There doesn’t seem like there is much that can be done to prevent the formation of warts on dogs. However, being aware of the surrounding environment can go a long way. Where you see a dog with visible warts, avoid them getting in contact with your dog.

Additionally, if your dog’s immunity is weak, avoid taking him to areas with high dog populations such as dog daycare, kennels or parks. Since the virus can survive for long only to be picked days later by a dog, through a break in the skin, keep your dog away from contaminated areas when they have rashes, wounds or bruises.

Canine Papilloma Virus: How Long is it Contagious

Once a dog contracts the papillomavirus, it (virus) can stay up to eight weeks of being inactive. During the duration of incubation, a dog can easily transmit warts on dogs causing the virus to any susceptible dogs. The canine papillomavirus can, therefore, be said to be contagious for up to eight weeks. The various means through which it can be transmitted include:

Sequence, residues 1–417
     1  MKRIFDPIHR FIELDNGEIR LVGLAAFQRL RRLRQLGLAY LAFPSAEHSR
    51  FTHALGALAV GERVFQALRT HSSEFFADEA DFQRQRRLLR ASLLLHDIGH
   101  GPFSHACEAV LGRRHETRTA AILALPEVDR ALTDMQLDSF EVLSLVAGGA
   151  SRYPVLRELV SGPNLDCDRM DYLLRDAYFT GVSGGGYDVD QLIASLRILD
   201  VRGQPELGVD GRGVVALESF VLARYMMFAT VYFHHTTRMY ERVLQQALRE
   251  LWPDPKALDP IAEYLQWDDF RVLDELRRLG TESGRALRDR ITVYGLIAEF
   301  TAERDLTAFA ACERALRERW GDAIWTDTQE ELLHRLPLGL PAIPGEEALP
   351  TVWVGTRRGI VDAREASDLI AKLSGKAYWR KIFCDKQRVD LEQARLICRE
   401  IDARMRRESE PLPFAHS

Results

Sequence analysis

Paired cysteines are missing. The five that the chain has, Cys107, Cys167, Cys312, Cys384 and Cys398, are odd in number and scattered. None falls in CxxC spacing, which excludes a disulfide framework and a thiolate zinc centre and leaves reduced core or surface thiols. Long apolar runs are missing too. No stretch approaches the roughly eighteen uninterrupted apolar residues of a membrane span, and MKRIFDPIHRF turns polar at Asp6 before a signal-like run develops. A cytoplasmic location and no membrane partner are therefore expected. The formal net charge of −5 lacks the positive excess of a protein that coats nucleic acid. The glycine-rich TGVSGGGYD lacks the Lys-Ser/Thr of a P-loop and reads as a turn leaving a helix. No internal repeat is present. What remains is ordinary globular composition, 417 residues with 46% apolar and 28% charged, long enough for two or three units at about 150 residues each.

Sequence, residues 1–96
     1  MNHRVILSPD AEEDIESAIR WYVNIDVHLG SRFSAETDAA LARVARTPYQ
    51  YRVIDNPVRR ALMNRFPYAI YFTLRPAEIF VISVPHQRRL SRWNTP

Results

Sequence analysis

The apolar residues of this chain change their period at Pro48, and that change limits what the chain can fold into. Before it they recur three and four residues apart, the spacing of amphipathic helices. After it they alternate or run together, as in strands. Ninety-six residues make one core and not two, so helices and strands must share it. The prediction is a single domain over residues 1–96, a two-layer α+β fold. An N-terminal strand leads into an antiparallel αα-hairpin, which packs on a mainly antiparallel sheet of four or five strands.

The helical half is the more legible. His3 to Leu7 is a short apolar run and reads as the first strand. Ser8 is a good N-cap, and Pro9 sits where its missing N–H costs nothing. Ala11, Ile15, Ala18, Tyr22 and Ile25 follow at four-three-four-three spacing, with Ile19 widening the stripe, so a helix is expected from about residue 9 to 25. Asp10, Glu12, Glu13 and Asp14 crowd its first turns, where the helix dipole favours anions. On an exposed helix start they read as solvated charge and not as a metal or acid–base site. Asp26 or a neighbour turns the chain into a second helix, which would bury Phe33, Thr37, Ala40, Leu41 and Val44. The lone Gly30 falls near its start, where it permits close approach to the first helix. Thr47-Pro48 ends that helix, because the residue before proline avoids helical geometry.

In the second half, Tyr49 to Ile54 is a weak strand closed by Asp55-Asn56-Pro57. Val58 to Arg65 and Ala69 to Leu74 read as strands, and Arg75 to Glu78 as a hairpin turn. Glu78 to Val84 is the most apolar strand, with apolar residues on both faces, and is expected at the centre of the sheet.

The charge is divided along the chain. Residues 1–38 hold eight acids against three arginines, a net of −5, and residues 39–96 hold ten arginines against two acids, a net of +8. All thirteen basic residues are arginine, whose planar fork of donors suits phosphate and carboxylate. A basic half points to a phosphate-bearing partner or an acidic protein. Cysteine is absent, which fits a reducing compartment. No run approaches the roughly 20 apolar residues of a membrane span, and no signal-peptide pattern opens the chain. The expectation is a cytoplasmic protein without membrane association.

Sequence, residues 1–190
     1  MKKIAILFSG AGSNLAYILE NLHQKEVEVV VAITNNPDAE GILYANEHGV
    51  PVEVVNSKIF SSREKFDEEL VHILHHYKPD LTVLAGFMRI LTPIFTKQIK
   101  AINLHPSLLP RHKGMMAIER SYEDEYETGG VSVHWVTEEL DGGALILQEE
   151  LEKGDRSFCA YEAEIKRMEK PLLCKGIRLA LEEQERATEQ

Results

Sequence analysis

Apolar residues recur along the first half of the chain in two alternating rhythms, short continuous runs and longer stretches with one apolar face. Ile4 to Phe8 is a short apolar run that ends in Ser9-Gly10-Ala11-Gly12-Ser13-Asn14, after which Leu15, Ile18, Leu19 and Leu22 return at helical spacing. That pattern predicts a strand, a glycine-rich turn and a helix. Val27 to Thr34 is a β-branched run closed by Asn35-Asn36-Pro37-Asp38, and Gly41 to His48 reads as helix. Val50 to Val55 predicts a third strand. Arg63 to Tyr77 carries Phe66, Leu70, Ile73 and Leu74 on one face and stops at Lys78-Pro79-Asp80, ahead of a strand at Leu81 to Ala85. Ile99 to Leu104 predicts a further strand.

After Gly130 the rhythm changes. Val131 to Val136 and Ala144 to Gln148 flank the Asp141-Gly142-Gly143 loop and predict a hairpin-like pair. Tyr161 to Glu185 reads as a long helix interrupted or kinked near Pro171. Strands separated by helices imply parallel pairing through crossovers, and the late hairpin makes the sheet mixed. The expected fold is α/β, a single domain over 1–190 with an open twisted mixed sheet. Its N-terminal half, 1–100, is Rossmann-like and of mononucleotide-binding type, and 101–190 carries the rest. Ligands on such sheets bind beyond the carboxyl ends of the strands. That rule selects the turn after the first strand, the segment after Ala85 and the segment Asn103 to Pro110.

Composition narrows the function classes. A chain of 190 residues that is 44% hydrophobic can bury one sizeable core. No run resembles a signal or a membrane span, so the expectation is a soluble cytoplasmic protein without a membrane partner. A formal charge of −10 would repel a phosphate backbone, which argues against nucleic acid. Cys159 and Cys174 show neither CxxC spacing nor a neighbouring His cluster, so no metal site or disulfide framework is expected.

• Direct contact with a dog that has warts
  • Contact with a dog carrying the virus even when they don’t have warts yet
  • From areas infected with the papillomavirus such as food bowls.

While the canine papillomavirus is contagious among dogs, it is worth noting that the virus is not contagious to humans. there is, therefore, nothing to be worried about humans catching warts from their canine friends.

Caution: In case you see dog warts bleeding, changing in color, appear painful or adopt any other change in their description, it is time to see your veterinarian. The same should be done where warts on dogs do not resolve themselves with time.

References

Dr. Winnie
About Dr. Winnie 351 Articles
My name is Dr. Winnie. I earned a Bachelor of Science in Psychology from Duke University, a Masters of Science in Biology from St Georges University, and graduated from the University of Pretoria Veterinary School in South Africa. I have been an animal lover and owners all my life having owned a Rottweiler named Duke, a Pekingese named Athena and now a Bull Mastiff named George, also known as big G! I'm also an amateur equestrian and love working with horses. I'm a full-time Veterinarian in South Africa specializing in internal medicine for large breed dogs. I enjoy spending time with my husband, 2 kids and Big G in my free time. Author and Contribturor at SeniorTailWaggers, A Love of Rottweilers, DogsCatsPets and TheDogsBone

Be the first to comment

Leave a Reply

Your email address will not be published.




This site uses Akismet to reduce spam. Learn how your comment data is processed.